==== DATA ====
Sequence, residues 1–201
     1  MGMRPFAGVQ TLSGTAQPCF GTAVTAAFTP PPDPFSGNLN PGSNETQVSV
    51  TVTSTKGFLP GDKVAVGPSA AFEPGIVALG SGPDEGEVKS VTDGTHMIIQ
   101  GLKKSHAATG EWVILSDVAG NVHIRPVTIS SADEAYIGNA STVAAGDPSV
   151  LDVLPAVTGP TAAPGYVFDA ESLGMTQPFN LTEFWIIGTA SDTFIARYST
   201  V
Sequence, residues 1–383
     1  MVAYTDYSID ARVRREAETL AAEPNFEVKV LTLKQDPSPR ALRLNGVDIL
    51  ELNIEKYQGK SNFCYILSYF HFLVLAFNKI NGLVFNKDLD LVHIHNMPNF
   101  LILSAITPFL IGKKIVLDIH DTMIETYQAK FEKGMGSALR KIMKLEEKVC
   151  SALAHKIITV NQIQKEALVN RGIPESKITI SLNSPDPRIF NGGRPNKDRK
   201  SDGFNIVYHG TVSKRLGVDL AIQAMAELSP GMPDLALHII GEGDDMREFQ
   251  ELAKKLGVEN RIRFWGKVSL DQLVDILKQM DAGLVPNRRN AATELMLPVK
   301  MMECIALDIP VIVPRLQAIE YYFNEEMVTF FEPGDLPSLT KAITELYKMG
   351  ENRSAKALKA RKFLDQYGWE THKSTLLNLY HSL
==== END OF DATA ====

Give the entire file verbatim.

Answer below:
Sequence, residues 1–201
     1  MGMRPFAGVQ TLSGTAQPCF GTAVTAAFTP PPDPFSGNLN PGSNETQVSV
    51  TVTSTKGFLP GDKVAVGPSA AFEPGIVALG SGPDEGEVKS VTDGTHMIIQ
   101  GLKKSHAATG EWVILSDVAG NVHIRPVTIS SADEAYIGNA STVAAGDPSV
   151  LDVLPAVTGP TAAPGYVFDA ESLGMTQPFN LTEFWIIGTA SDTFIARYST
   201  V
Sequence, residues 1–383
     1  MVAYTDYSID ARVRREAETL AAEPNFEVKV LTLKQDPSPR ALRLNGVDIL
    51  ELNIEKYQGK SNFCYILSYF HFLVLAFNKI NGLVFNKDLD LVHIHNMPNF
   101  LILSAITPFL IGKKIVLDIH DTMIETYQAK FEKGMGSALR KIMKLEEKVC
   151  SALAHKIITV NQIQKEALVN RGIPESKITI SLNSPDPRIF NGGRPNKDRK
   201  SDGFNIVYHG TVSKRLGVDL AIQAMAELSP GMPDLALHII GEGDDMREFQ
   251  ELAKKLGVEN RIRFWGKVSL DQLVDILKQM DAGLVPNRRN AATELMLPVK
   301  MMECIALDIP VIVPRLQAIE YYFNEEMVTF FEPGDLPSLT KAITELYKMG
   351  ENRSAKALKA RKFLDQYGWE THKSTLLNLY HSL